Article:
I Want To Teach My Kid How to Program

  • Java and C# are similar languages that have a heavy emphasis on Object Oriented Programming. While this is great for professinal software engineers, it’s an additional level of complexity that beginners shouldn’t have to deal with.
  • C and C++ are also widely used by software engineers but also has a steep learning curve. The amount of low-level programming it gives programmers access to is great for writing efficinet code, but not so great as a starting language.
  • Perl is a scripting language like Python and Ruby, however its syntax has many shortcuts aimed at expert programmers who want to make their code terse. As such, Perl code can quickly become incomprehensible to beginners looking at code examples.
  • PHP is designed for making web applications, which adds several prerequisites that your kid would have to learn (such as HTML). Also, there are some arguable points against the language’s design. (However, for web applications it does have a gentle learning curve.)
  • Visual Basic is made for quickly producing GUI applications for Windows. You cannot make applications for Linux or Mac with it. It is also more suited for business applications than games. Note that “Visual Basic” is not the same thing as “Basic” (though the languages are similar.)
  • Basic is dead. There are many different variants of Basic (such as QBasic, DarkBasic, BlitzBasic, SmallBasic, Basic-256, etc.) but each of these has poor documentation or a small community, which makes it harder to find resources to learn about them. And unlike Python, Basic is only a learning language, not a language that is actually used by software developers.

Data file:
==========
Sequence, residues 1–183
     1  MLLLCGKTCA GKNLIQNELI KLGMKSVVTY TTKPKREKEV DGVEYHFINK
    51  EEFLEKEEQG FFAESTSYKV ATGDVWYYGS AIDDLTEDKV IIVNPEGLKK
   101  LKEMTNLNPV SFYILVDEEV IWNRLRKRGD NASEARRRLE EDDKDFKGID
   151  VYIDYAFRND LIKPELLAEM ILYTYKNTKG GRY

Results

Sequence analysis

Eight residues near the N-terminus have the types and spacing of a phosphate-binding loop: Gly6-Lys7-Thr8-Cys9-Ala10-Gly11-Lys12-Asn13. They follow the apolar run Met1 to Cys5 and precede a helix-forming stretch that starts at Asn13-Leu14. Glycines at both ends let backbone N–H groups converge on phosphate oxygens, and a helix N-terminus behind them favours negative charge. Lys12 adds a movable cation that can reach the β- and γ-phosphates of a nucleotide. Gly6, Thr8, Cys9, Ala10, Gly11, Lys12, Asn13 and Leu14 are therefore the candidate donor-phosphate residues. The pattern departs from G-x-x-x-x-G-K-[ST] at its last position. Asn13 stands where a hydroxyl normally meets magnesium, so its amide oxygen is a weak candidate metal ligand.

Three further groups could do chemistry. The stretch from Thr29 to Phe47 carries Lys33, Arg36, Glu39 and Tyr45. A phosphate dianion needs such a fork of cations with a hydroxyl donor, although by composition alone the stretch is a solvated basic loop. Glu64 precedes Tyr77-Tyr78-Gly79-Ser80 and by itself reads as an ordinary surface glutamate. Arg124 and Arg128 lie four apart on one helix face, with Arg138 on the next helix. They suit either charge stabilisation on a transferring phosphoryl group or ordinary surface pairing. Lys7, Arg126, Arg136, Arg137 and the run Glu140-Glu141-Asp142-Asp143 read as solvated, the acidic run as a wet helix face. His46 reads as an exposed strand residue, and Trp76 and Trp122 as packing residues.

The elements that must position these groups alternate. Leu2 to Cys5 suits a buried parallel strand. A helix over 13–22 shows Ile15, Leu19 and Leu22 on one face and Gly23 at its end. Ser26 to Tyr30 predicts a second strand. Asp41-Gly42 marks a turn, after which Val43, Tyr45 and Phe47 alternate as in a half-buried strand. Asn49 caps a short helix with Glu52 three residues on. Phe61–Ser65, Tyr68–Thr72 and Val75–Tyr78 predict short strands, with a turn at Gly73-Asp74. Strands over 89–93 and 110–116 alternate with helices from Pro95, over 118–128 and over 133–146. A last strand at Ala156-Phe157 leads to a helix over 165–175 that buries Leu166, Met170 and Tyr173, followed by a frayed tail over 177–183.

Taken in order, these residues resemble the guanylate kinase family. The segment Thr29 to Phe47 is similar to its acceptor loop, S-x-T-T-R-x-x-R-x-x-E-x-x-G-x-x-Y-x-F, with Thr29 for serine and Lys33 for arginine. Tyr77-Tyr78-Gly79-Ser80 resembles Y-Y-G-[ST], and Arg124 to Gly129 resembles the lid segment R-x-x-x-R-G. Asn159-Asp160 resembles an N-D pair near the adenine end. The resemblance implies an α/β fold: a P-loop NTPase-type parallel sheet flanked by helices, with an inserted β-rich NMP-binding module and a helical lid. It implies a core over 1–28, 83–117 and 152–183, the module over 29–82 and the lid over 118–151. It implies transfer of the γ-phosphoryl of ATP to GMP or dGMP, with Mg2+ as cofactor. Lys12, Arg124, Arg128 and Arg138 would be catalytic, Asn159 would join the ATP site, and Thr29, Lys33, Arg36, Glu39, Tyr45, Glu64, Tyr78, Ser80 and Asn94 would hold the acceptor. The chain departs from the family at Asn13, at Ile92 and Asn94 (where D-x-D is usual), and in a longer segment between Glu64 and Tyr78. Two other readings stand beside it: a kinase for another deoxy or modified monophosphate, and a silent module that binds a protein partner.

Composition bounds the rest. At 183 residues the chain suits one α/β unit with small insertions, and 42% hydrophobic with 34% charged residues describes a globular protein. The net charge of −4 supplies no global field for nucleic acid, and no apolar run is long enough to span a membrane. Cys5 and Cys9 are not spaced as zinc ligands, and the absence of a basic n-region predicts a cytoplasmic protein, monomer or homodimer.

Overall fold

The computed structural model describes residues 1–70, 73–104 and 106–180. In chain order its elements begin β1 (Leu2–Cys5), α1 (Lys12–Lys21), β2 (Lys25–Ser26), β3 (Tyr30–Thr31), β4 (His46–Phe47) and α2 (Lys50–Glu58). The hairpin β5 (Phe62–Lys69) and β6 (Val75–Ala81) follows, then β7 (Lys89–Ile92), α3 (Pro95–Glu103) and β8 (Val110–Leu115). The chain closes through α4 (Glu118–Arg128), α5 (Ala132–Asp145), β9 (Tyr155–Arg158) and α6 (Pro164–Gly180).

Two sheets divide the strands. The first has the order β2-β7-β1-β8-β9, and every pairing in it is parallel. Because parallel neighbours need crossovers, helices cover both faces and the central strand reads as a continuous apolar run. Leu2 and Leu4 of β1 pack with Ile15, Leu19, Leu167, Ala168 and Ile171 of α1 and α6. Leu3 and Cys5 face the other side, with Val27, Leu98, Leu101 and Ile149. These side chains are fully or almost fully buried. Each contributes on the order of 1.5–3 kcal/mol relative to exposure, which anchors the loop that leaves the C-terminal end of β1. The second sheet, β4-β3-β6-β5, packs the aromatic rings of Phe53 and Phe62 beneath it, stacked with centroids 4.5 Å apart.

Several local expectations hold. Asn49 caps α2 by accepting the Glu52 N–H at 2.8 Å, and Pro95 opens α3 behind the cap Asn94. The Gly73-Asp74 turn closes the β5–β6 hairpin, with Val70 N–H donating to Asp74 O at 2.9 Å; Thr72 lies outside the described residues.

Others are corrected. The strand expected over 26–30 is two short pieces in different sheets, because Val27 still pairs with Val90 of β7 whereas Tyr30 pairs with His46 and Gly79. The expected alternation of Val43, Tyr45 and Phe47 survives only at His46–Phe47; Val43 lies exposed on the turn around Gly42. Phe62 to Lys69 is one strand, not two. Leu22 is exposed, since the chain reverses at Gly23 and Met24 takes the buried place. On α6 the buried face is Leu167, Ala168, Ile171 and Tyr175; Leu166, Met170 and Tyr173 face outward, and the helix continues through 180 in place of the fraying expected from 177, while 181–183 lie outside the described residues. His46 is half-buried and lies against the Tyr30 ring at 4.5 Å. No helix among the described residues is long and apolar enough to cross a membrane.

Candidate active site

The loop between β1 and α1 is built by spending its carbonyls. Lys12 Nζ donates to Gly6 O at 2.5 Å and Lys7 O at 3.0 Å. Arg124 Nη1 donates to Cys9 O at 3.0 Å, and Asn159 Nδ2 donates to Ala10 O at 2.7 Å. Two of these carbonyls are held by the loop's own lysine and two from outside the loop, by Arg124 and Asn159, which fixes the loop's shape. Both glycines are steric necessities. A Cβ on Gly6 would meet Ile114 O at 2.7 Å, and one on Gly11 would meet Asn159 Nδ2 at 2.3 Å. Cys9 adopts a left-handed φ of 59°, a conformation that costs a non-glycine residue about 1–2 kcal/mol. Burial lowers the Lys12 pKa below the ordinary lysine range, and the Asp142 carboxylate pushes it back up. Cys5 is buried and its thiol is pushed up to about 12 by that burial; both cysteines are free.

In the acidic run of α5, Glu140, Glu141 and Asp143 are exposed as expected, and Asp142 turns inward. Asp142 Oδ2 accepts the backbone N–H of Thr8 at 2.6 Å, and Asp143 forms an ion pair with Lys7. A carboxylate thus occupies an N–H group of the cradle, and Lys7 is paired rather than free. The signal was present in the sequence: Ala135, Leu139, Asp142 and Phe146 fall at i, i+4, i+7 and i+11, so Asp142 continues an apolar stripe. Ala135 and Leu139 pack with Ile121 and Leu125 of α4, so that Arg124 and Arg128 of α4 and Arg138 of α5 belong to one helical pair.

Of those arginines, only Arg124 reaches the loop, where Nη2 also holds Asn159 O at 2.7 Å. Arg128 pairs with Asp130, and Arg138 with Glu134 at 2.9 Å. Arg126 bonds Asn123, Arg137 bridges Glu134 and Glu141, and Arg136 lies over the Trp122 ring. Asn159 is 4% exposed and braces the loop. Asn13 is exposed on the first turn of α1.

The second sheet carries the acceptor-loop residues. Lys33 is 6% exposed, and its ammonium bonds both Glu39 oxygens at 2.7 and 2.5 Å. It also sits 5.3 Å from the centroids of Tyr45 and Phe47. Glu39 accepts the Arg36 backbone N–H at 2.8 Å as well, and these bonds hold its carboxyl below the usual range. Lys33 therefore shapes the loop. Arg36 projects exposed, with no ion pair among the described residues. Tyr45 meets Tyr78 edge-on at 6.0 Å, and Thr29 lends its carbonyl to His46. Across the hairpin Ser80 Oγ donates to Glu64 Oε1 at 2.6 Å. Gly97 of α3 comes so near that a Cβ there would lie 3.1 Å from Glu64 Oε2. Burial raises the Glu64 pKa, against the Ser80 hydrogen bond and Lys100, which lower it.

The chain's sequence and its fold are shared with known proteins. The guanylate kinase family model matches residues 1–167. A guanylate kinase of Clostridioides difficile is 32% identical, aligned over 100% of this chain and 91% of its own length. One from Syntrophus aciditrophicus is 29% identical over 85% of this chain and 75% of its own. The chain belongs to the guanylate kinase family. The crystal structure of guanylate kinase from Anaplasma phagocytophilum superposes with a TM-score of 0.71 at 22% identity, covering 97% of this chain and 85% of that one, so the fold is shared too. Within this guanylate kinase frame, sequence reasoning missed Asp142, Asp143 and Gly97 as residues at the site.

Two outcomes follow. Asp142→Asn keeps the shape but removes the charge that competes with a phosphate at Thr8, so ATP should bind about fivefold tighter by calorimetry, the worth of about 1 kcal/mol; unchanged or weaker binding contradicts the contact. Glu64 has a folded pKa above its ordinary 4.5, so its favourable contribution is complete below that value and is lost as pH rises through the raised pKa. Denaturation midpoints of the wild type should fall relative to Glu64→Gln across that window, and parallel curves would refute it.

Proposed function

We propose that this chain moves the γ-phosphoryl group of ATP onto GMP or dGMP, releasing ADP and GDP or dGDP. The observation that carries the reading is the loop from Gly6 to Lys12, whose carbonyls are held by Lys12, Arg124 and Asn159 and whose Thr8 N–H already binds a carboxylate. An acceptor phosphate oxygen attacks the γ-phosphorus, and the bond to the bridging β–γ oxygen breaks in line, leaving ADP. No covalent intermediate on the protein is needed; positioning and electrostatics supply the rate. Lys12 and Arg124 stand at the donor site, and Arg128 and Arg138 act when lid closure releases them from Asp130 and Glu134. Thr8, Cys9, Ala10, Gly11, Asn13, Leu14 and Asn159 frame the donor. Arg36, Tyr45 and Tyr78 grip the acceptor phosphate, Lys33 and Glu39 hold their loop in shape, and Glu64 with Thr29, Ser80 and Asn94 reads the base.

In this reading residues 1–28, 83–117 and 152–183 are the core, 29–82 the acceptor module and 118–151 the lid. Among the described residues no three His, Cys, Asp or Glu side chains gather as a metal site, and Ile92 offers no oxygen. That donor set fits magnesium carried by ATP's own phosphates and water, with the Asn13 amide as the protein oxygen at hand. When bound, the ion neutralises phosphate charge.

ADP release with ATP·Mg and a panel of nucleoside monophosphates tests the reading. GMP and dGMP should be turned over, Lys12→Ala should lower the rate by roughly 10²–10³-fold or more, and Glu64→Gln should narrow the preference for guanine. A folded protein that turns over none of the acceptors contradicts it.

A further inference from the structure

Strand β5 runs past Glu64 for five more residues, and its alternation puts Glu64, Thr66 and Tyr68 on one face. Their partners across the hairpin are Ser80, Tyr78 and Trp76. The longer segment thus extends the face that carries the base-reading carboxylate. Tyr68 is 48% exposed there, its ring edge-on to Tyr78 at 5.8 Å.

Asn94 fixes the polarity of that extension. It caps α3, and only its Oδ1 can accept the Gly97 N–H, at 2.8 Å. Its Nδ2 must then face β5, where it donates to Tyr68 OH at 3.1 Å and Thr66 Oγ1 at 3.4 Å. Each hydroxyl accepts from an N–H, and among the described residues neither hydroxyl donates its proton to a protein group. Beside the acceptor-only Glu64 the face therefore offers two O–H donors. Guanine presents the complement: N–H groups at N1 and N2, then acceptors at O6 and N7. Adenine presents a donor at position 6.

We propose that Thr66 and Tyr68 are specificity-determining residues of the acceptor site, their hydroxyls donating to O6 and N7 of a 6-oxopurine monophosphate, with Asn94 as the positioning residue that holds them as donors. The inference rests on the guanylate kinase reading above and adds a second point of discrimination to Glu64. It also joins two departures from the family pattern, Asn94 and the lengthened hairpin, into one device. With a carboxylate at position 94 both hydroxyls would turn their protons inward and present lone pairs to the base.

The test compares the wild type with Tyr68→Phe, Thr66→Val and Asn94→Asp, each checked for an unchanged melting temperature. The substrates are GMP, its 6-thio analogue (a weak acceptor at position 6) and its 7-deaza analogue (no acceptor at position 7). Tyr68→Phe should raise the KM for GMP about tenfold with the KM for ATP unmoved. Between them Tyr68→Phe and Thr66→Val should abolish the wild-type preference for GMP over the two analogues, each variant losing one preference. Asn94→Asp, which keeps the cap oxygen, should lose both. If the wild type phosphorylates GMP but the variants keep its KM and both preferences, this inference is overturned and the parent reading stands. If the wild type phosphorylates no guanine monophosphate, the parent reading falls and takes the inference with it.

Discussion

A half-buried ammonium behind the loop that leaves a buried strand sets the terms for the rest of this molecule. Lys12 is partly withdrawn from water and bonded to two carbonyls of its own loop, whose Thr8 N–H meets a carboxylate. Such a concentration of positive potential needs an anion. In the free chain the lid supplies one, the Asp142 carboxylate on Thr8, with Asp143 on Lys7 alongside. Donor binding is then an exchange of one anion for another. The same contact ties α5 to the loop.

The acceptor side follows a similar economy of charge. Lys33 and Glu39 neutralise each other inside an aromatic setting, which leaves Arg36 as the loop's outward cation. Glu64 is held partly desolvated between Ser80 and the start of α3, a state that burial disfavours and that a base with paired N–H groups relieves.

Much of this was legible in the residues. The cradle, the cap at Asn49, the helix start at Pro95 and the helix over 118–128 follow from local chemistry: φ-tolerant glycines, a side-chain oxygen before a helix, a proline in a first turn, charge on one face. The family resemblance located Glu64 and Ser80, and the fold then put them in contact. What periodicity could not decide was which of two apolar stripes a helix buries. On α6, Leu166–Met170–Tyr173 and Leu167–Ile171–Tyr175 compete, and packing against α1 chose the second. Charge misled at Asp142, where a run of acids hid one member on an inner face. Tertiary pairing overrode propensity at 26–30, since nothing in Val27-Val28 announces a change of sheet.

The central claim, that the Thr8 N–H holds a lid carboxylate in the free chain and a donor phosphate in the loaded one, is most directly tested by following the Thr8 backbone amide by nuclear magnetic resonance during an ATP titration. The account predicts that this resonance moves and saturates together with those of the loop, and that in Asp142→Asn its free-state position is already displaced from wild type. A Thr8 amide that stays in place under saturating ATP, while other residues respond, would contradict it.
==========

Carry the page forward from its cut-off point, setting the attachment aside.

• Pascal is even more dead than Basic.
  • HTML and Ajax are not programming languages, and anyone saying “HTML programming” or “programming in HTML” is confused. HTML is the text format that is used to design web pages. Ajax is a type of JavaScript programming to make web sites update the contents of their pages without refreshing the page. Neither of these teaches programming to a beginner.
  • TI-calculator programming is extremely limited. Skip it.
  • Game creation kits or game mods bypass much of the knowledge needed to learn in order to build games, but the range of games you can make with these kits is often limited. Also, skills developed in one game creation system usually aren’t transferable to other systems, or even to programming in general.
  • Logo & Turtle were historically used to get kids into programming by drawing interesting pictures with the computer, but are out of date now. Scratch is the next generation form of Turtle and Logo.
  • Lego Mindstorms provides an interesting way to learn programming by making robots, however these kits are often expensive. However, Lego Mindstorms is not a bad introduction.

Downloading and Installing Python (and Pygame)

You can download Python from the download page on http://python.org. Or just click here to download Python 3.1 for Windows directly. After the download completes, you can double click the file to start the installer. The default settings are fine, so just keep clicking Next until the installation finishes.

Be sure to download a Python 3 version (such as 3.1) rather than a 2 version (such as 2.5, 2.6, or 2.7).

Python by itself only lets you make games that accept and display text. The Pygame library adds the ability to program games with graphics, sound, and animation. To install the Pygame library, download the appropriate package from http://pygame.org/download.shtml, or click here to download the Pygame library for Windows and Python 3.1 directly.

A Free Programming Book

If you are going down the path of game programming with Python, this blog features the free book “Invent Your Own Computer Games with Python” at http://inventwithpython.com. Unlike other books that just give a laundry list of programming concepts, “Invent with Python” gives the source code for several game projects and teaches the concepts from these games. It is a book designed for self-study.

To find the source code for more games, you can check out the Pygame website’s list of games at http://pygame.org/tags/ or the Code Comments series on this blog.


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